JoAnn Ross writes Contemporary Mainstream Romance and is published through Pocket. In her book Out of the Mist, she weaves the element of theme throughout her writing and ties the entire story together with it.

Her character’s are of Scottish heritage, her setting the highlands of North Carolina, the theme interlaced throughout the story Smokey Mountain-Gaelic-Medieval Scot in texture.

To demonstrate what I mean I must jump around within the text instead of choosing a single scene.

Ian had seen that look before. It was the look of his grandfather’s Westie, right before the dog grabbed onto the postman’s trousers and refused to let go. It was also the look Duncan got in his eyes whenever he’d parade some local girl in front of his grandson in hopes of ensuring a MacDougall heir.

JoAnn Ross’s descriptive passage sings with the flavor of bagpipes and tin flutes melding the modern and medieval cultures together. Her use of repetition places emphasis on the words It was the look portrays as much persistent determination as a Scotsman clutching a horn of ale.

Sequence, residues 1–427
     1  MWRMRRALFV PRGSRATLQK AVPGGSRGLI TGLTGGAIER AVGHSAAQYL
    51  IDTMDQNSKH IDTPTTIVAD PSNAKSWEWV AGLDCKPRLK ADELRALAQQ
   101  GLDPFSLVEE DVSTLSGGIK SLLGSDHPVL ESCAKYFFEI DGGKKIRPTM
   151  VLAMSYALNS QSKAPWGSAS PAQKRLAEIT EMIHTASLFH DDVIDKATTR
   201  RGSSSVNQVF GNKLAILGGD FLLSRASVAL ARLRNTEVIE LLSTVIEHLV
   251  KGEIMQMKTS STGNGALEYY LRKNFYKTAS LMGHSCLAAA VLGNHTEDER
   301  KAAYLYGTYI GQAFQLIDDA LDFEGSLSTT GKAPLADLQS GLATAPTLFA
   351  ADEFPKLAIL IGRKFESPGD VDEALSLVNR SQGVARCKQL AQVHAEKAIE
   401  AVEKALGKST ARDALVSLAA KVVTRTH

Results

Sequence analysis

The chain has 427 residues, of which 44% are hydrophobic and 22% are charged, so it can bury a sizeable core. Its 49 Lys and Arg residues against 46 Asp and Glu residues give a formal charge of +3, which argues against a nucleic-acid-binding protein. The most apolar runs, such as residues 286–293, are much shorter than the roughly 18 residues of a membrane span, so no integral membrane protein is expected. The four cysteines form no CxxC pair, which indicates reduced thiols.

Her ability to pen similes with fresh appeal lends a melodic quality to her voice that’s all her own.

Her brain was washed as clear as the Star of Edinburgh tumblers she’d dusted today; color as rich and dazzling as Saxon Falconer’s blown glass flashed behind her closed lids.

She moaned, her hands fisting in the ebony silk of his hair, as he lifted her off the floor to deepen the kiss. Her breasts flattened against his chest, which was as rock hard as the mountains of his homeland, their bodies so close together she couldn’t tell whether it was his heart pounding she felt, or her own.

His teeth nipped at her bottom lip, just hard enough to send desire surging through her like a bolt of lightning from a summer storm.

By tying her character’s emotions to things both concrete and elemental, she anchors their feelings and responses in reality and gives the reader a point of reference making them more visual to the audience.

He flashed a grin as wicked as a devil’s wink, as dangerous as a Highlander’s blade.

The hyperbolic phrasing of this sentence uses dramatic overstatement with playful exaggeration and gives the reader the idea that the character is as larger-than-life as he’s intended to be.

Do you recognize the theme meandering through the story? Do you hear the poetic lyrics penned through the use of similes, repetition, hyperbole? Her use of these devices in her descriptive passages is part of what makes her voice distinctive.

And last of all, look at all the action words that pepper each one of the lines and scenes I’ve just used as examples. Seen, look, grabbed, parade, ensuring, washed, dusted, flashed, lifted, deepen, flattened, pounding, nipped, surging. Those words were chosen with an eye for visual or tactile appeal and an ear for the pacing of the story.